Mad Men recap: The one where everything changes, marvelously
Good as the two-hour season debut was a few weeks ago, Sunday's Mad Men was a shining example of the best this drama has to offer -- magnetic, subtle proof that this remains the best drama now airing on television.
The best Mad Men episodes find unobtrusive ways to tell us new things about these characters fans know so well, advancing the story in places you least expect, in ways you just can't see coming.
The most obvious example of that in Sunday's episode is lead character Don Draper's fever dream, where a chance meeting with a former fling -- and the angst it causes his new, young secretary wife -- leads to a fantasy where he rejects his old ways by strangling the woman, after she tempts him into breaking his marriage vows again.
After Don wakes to discover it was all a nightmare induced by his fever -- none of us really thought Mad Men had suddenly turned into a Hitchcock movie, after all -- we realize that our man Draper is in new territory. His change meeting shook him up more anyone knew (even himself), leaving deep internal doubts about how faithful he could be, unveiled only through illness.
He has quite literally rejected his old ways by murdering the embodiment of his impulse to cheat. The only question left: How long will this righteous spirit last?
And while Don's unconscious tells him he's done cheating, protege Peggy Olson is beginning to live the baby boomers' journey to a better relationship with black people, befriending the new black secretary in the office.
In a single moment, producers highlighted the difference between the concerns of white people and black people back then, as secretary Dawn Chambers reveals she has been sleeping in the office out of fear. Peggy first assumes it's because of the vague fear sparked by the Richard Speck murders; killings of eight students nurses in Chicago which other characters have been obsessing on throughout the episode.
But then she quickly realizes Dawn has more pressing concerns; riots in Harlem and the response by police, who weren't exactly friendly to any black people in those situations.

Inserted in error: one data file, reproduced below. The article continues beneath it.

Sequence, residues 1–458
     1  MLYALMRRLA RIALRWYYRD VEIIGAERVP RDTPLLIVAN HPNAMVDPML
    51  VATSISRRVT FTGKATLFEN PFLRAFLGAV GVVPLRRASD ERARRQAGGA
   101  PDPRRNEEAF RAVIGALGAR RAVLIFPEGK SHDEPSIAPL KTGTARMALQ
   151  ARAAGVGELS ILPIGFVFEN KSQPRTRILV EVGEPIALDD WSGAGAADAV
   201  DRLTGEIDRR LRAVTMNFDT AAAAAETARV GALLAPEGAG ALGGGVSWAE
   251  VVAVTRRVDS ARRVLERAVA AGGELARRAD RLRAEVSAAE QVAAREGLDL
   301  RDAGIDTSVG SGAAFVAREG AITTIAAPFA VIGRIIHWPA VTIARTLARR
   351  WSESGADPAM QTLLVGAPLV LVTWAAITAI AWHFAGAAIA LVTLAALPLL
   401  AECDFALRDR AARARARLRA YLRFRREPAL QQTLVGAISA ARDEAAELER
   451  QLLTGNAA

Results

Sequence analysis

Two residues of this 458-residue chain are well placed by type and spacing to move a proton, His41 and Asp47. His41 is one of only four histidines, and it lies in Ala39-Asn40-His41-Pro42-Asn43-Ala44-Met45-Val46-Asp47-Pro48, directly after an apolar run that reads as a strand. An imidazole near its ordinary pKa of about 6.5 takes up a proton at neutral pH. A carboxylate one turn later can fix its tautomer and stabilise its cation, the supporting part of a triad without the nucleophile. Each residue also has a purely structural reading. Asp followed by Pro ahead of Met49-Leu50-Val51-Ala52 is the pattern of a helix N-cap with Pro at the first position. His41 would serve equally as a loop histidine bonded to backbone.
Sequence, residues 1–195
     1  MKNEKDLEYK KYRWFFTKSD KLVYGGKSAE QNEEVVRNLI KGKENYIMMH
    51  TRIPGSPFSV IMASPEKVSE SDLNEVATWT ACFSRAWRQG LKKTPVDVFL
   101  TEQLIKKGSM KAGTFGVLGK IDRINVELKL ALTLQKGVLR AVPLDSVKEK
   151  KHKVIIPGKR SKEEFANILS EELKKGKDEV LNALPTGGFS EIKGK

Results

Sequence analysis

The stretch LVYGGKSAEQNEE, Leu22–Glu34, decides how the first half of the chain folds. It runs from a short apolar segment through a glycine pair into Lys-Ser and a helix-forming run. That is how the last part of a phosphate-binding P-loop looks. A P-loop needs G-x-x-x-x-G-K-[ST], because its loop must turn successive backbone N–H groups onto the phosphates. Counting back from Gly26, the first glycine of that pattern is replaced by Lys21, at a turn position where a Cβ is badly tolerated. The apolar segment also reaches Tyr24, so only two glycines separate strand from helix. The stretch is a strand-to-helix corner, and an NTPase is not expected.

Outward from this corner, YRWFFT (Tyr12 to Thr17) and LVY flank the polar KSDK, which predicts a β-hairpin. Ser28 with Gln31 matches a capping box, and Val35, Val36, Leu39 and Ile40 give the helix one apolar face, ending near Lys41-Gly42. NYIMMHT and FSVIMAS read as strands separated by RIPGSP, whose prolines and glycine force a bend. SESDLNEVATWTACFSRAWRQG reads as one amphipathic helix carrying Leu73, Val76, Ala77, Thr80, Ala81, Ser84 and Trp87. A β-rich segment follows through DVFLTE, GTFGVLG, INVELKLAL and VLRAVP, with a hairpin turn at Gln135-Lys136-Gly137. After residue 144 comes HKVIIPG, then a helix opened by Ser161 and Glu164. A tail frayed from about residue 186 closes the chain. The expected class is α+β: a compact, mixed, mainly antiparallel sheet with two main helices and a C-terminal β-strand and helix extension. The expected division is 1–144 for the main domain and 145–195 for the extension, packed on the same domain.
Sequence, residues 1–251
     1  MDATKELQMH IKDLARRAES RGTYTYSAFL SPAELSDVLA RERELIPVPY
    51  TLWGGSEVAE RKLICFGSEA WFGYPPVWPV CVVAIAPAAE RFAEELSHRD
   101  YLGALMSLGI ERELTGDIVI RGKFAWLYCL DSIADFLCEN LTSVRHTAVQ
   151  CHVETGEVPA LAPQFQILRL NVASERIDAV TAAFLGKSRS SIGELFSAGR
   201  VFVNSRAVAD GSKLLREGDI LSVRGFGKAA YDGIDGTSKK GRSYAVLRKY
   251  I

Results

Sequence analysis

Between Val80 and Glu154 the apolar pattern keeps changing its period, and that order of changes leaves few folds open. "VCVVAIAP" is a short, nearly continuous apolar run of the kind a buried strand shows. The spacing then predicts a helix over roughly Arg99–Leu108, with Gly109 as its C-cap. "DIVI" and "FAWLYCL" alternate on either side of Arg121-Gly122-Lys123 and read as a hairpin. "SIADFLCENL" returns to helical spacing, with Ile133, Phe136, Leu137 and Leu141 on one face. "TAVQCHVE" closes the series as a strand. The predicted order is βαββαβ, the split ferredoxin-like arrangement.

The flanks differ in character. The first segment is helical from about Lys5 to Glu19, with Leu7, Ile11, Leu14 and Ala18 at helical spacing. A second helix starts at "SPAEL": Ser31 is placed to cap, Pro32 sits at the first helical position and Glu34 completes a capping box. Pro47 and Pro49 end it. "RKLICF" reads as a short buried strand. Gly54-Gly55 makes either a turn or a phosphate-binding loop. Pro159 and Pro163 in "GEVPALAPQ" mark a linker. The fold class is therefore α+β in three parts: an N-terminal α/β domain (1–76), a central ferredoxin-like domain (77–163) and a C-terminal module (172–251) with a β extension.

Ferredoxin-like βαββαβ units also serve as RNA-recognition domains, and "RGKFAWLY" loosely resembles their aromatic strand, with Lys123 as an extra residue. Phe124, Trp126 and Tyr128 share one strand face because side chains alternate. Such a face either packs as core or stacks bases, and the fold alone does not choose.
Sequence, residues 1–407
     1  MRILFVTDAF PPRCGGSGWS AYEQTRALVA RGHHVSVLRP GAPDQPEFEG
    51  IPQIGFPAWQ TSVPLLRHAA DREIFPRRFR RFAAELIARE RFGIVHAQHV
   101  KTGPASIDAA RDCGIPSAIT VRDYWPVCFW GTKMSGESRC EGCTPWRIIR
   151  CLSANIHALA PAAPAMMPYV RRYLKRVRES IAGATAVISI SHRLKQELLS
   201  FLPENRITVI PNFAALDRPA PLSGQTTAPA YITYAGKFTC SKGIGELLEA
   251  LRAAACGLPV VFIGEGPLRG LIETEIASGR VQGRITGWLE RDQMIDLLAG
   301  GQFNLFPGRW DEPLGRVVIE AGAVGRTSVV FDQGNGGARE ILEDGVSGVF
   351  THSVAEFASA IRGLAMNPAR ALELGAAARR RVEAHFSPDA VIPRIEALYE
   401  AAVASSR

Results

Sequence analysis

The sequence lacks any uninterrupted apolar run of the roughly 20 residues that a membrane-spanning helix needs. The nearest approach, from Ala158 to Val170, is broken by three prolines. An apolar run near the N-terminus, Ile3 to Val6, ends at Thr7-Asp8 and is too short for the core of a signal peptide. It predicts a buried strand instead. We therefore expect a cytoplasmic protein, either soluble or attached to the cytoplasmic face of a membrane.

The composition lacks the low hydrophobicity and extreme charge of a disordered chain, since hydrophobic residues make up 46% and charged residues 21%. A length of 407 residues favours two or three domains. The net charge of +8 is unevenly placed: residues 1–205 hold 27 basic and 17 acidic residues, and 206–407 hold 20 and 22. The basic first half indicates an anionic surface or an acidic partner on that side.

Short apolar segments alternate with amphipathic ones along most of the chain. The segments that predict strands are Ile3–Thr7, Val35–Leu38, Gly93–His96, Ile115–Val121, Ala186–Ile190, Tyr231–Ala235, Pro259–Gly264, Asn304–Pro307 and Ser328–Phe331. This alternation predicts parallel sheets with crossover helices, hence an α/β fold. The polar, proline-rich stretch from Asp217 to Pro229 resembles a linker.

Peggy offers her apartment's couch to Dawn. But the best moment comes when, after a bit of bonding over liquor, Peggy realizes her purse is on the table in front of Dawn. Removing it would be a tremendous insult, but in an instant both she and Dawn know that her first impulse is still to snatch it away. One step forward, two steps back.
I know producer Matt Weiner probably feels like these moments must be earned by the series, and that they only feel appropriate coming at this point, when so much is changing for characters who are now forced to meet more modern times. But it was so well done, I couldn't help wishing more stuff like this had been done sooner; summing up the tentative moments of connection and hurtful spams of prejudice involved in forging new connections across race, sometimes almost in the same moment.
We also learned Don's daughter, Sally Draper, should never be left alone with her new grandmother, the mother of mom Betty's new husband Henry Francis. This is a woman whose idea of calming a kid having nightmares involves showing her a butcher knife she keep at hand to ward off interlopers, passing her a half tablet of the sedative Seconal like she was handing over a glass of warm milk.
Like one of my Twitter followers noted: that s--- was gangsta!
Finally, we have Joan Harris, who lets her conscious mind accept what she has always known in her bones -- that her husband Greg is a selfish pig unable to treat her as the equal partner she should be in their marriage. The catalyst for this realization is his decision to sign up for another tour in Vietnam; when fans on Twitter saw that scene, they knew he was going to get killed.
I loved the way producers brought in that intrusive accordion player to top off a scene where Joan was struggling between getting blindsided by her jerky husband -- whose re-up was all about the status he got from being an officer after washing out as a doctor back home -- and putting on a brave face. Love songs never sounded to phony or grating.
It may not matter what happens to Greg, because Joan realized his choice to make that decision without consulting her was the last straw, kicking him to the curb, but hard. In that moment, we also saw Joan shrug off the submissive straitjacket her mother had been fitting for her, moving toward a new independence we've always known she was capable of but she seemed unwilling to fully inhabit.
We've seen how powerful Joan can be in a world where she held herself back. Imagine what things will be like, once she is unleashed.
I'm afraid and excited, all at once. Weiner, it's been a long TV season without ya.